When we put the cap on, Chuck, there -- we have never given -- this is the first time we have ever allowed for tax deduction from your unemployment benefits. And, basically, to be fair for the people out there working all the time paying their share of taxes, that was something we were concerned about also. So, we limited it to $150,000.

We capped it that anybody over $150,000 could not use that offset. Anybody below it that's struggling and working, more the middle class, is able to do that. That was a fair compromise. We worked through that and got it done. TAPPER: I know you're doing the round of shows today, but just to

remind you, I'm Jake, not Chuck.

But your move forced the Senate to stay up all night voting, after you spent the day on calls with Chuck Schumer, even President Biden. You were talking to Senator Portman on the other side.

How much pressure were you under? And what did President Biden have to say to you?

MANCHIN: Well, Jake, on that, he's -- President Biden and I have been friends. I have the utmost respect. I think he's the right person, the right place, at the right time.

We -- our conversations have always been cordial. And anything he's ever said: "Joe, never -- never go against your convictions. Always do what you think is right."

And I always appreciate that encouragement, and we work very well together. Working with all of my other friends back and forth, Jake, sometimes can be challenging. But the bottom line is, that's what it's about, negotiations. I work with my Republicans friends. I work with my Democratic Caucus and my friends.

[09:05:02]

We try to find that middle. With that, sometimes, it gets -- it gets a little frustrating at times. But the bottom line is, at the end result, we got one tremendous piece of legislation.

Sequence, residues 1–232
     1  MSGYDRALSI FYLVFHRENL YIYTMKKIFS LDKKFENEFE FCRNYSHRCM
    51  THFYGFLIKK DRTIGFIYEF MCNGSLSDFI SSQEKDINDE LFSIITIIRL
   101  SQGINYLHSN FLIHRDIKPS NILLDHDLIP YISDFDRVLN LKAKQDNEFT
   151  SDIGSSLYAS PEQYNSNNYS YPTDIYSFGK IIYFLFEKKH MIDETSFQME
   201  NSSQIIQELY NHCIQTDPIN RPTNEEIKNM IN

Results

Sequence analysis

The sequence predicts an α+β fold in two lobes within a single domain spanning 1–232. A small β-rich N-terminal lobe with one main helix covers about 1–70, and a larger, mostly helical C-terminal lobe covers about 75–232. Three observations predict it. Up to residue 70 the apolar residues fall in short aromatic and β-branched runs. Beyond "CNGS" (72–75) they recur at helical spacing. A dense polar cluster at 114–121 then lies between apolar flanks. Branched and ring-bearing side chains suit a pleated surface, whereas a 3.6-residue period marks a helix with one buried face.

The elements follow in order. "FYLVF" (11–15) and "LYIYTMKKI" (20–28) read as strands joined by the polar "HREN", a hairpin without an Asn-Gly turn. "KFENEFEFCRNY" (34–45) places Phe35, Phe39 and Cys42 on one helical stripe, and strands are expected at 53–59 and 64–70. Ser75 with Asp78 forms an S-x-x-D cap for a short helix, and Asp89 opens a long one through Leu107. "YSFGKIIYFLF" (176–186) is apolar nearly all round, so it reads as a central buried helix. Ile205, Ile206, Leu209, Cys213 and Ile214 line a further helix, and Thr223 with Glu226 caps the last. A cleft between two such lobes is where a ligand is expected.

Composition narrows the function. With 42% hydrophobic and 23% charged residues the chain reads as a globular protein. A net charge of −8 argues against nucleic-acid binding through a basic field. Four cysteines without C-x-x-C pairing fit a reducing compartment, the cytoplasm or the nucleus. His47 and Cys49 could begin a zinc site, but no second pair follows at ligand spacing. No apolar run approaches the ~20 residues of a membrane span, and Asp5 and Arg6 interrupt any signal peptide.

This bill, Jake, does an awful lot for a long period of time. It basically goes out to 2024. We're getting help to every city, every municipality. Every one of those are going to have help now, then have them basically control their own destiny.

They can fix a water line, a sewer line, Internet, without kowtowing to bureaucratic -- that bureaucratic mess that may be making them jump through hoops. We have done everything we can.

TAPPER: Right.

MANCHIN: We're helping children now more so than ever before. We're making our schools safer. We're making it basically able to get back into the classroom in the safest atmosphere humanly possible. We're helping businesses reopen. The vaccines are getting in people's arms.

We are going to go back to normal. We're going to get to some normal. And the new normal, it's not going to be like the old normal. And it has a chance to be even better.

TAPPER: I know that bipartisanship is very important to you. President Biden says it's important to him as well.

At the end of the day, this legislation passed with no Republican votes in the House, no Republican votes in the Senate. Some Republicans tried to offer to negotiate. It didn't happen. At the end of the day, who do you blame for the fact that this bill

got no Republican support in Congress?

MANCHIN: I never do place blame. What I do place is, basically, we don't have the tolerance to sit down and work more.

But let me tell you, Jake, this was more of a bipartisan bill than you might think. First of all, the president asked for 10 Republicans to come over and see him. That was the first visit to the White House, was my Republican friends and colleagues that went and sat down.

They offered their proposal. They didn't think it was adequate enough to do what President Biden has his vision for America and coming out and making sure that we can recover. I think what he did was correct, but he listened to them. And guess what? For the whole month, Jake, we have worked together.

We have had Democrats and Republicans working together. A lot of the things that I was able to get in are some changes that I was able to do because of the position I am in to hopefully help message that, if you will, made significant changes. We targeted. In this bill, we targeted where help is needed.